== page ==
WOODWARD: Yeah. And he --- there's a point after these meetings have been going on for about six or seven weeks where he's meeting with Gates and Secretary Clinton and General Jones, and a couple of others, and he just -- this is kind of -- you can see it's what he feels and what his conclusion is. He said, I'm not doing 10 years. I am not doing never-ending nation-building. I'm not going to spend a trillion dollars. He just --
You know, this is Obama wants exit. But he wants it with a certain kind of accommodation to the military.
SAWYER: But it seems, reading the book, how much that any of us knew -- how much firmer he is about 2011 and what that means. He has in his mind a cap? The military will not come back and ask for more? He has a cap?
WOODWARD: He has a cap. And the chairman of the Joint Chiefs, Admiral Mullen, finally told them at two of the meetings, when pressed by the president, Admiral Mullen said, "We will not come back and ask for more troops again." That's it.
SAWYER: What's the angriest he gets at the military?
WOODWARD: I think he --
SAWYER: General Petraeus. Anybody specifically? Admiral Mullen?
WOODWARD: I think he gets -- at one of the meetings, if I can quote indirectly, he just says, I'm pissed. And he is, because they keep coming back about details. And they're trying to push him in that direction, and he's pushing back.
SAWYER: However unhappy he is, his political team is not measured. You have scenes in which Rahm Emanuel and David Axelrod are going directly and complaining.
WOODWARD: And very upset about the push from the military.
SAWYER: At one point Rahym says to him, "You can't do that. The president hasn't made that decision. I didn't hear him make that decision."
WOODWARD: Yes. I mean, that's fascinating. This is day three of the administration.
They have their first NSC meeting, National Security Council meeting on Afghanistan. And the president leaves early, and General Petraeus, who is the central commander at that point, says, OK, I'm going to move on sending more troops that we've requested. Rahm Emanuel steps in like a sledgehammer and says, "General, I know you're doing your job. Thank you, but I didn't hear the president make that decision."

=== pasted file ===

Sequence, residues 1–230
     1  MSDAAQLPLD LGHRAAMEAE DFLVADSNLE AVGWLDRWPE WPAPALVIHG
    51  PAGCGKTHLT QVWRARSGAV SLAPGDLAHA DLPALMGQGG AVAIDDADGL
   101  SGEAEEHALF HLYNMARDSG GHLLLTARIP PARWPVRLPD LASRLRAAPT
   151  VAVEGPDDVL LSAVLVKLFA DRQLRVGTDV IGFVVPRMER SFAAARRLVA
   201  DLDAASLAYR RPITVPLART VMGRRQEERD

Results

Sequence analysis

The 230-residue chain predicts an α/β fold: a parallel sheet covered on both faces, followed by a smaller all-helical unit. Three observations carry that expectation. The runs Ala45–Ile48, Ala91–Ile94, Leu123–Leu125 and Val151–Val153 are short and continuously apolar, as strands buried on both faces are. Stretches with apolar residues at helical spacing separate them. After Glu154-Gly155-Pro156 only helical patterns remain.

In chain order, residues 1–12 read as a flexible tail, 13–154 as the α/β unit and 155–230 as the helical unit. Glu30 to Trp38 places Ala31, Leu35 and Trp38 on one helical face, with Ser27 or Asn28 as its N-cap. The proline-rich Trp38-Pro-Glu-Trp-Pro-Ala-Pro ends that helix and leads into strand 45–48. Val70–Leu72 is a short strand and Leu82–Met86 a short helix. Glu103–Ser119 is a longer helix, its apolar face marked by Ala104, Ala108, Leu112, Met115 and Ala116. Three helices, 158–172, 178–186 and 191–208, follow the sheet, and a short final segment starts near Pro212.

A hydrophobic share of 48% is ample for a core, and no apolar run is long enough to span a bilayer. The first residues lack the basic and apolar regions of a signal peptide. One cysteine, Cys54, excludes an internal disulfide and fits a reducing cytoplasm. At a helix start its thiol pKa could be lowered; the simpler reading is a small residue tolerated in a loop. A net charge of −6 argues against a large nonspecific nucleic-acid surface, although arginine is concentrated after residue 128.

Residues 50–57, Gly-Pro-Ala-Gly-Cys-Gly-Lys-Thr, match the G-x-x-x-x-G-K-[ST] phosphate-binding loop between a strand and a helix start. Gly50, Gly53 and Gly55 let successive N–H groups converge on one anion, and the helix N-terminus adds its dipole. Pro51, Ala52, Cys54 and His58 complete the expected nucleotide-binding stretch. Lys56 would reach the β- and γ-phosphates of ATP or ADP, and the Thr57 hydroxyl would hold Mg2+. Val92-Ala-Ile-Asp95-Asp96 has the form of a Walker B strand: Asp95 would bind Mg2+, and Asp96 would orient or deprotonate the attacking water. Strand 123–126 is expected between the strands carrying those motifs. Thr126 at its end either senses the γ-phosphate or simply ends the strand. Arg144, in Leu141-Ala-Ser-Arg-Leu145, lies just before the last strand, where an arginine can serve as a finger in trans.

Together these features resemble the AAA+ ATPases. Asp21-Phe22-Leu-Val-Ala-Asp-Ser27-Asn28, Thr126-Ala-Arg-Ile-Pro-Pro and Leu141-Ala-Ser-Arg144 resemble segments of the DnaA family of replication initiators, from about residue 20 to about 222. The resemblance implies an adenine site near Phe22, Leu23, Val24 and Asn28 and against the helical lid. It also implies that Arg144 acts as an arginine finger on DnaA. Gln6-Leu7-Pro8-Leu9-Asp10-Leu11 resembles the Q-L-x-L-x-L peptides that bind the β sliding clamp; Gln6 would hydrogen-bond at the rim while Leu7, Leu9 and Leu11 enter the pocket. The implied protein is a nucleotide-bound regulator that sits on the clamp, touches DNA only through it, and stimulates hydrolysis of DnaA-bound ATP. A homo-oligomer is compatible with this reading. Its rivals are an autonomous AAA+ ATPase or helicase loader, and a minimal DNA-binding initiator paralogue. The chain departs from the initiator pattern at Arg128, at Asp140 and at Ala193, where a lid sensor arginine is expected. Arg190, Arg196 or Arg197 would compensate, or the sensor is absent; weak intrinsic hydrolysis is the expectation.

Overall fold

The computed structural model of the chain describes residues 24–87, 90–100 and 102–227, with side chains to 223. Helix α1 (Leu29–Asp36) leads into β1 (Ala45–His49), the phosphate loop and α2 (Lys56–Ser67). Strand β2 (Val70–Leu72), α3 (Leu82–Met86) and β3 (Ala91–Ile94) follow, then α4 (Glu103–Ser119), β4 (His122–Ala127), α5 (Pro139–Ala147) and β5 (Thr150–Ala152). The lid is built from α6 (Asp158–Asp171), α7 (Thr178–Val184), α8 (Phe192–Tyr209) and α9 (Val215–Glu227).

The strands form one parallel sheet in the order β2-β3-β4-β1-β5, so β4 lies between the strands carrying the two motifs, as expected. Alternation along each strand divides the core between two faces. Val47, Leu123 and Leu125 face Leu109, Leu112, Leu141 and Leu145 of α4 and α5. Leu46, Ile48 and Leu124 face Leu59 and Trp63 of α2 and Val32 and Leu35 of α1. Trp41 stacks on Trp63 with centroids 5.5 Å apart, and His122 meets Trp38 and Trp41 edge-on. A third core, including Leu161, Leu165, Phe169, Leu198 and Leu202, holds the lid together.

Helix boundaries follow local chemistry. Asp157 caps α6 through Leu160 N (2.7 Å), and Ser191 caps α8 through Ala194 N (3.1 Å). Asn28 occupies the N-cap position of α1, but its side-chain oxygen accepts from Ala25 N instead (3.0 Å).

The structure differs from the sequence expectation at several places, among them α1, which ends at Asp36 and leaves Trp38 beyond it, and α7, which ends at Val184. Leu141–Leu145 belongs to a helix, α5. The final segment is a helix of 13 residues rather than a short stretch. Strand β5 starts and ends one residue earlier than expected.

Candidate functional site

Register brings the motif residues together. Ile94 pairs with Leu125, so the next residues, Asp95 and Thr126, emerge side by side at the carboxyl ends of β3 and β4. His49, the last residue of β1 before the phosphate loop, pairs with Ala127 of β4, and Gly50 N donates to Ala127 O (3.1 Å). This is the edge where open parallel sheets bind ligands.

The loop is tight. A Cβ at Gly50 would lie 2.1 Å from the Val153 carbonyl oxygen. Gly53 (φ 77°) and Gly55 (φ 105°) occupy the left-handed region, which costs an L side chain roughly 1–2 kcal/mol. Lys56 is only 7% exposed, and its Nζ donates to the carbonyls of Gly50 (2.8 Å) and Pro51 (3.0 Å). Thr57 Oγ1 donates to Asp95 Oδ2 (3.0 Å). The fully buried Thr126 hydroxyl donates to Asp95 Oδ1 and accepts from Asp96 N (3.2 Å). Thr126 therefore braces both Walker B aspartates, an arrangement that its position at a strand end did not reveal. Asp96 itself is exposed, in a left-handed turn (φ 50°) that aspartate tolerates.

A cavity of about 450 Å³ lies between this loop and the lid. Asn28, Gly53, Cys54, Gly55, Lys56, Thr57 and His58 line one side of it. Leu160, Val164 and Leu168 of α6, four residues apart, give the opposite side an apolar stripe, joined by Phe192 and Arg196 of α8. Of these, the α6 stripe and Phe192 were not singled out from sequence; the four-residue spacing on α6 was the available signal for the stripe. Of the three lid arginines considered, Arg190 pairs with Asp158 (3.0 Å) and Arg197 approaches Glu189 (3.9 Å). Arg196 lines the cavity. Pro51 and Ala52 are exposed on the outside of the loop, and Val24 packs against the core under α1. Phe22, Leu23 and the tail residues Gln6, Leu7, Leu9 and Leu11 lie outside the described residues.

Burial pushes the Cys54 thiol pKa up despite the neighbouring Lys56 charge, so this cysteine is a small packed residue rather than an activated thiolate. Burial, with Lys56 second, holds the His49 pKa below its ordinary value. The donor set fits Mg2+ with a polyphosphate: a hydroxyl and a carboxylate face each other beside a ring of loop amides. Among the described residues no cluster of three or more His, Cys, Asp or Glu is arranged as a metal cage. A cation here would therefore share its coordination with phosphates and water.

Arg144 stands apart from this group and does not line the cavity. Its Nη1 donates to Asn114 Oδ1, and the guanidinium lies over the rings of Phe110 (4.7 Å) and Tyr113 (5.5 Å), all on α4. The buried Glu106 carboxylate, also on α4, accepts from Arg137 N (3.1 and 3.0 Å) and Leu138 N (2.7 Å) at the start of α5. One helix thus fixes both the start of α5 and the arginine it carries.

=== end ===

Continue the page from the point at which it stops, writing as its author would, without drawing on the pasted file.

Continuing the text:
SAWYER: But at another point when there are complaints about General Petraeus giving a speech, and the word had gone out, "Button down, everybody," and he gave a television interview anyway, the spokesman delivers the anger to him. And what does he say?
WOODWARD: I won't quote it because it doesn't work on network news. I mean, they're -- this is Veterans Day, one of the last meetings they're having. And Petraeus is giving an interview to CNN about one of the soldiers who's been wounded who's recovered.
And Geoff Morrell, who's the Pentagon spokesman, sees this on television and he can't believe it. He goes ballistic. They had banned everyone from giving interviews. And he calls Petraeus' spokesman and calls him things I don't even want to repeat.
It turns out Petraeus' spokesman is with Petraeus, and he hands the phone to Petraeus, who then tells Geoff Morrell, "Calm down. I know how to do this. I know how to talk and not make news. Relax."
SAWYER: And they're blanking with the wrong man?
WOODWARD: Yes. And at one point -- and this is not a year ago, this is four months ago -- there's this sense that Petraeus is not included in the inner circle, is not part of the team. And they're...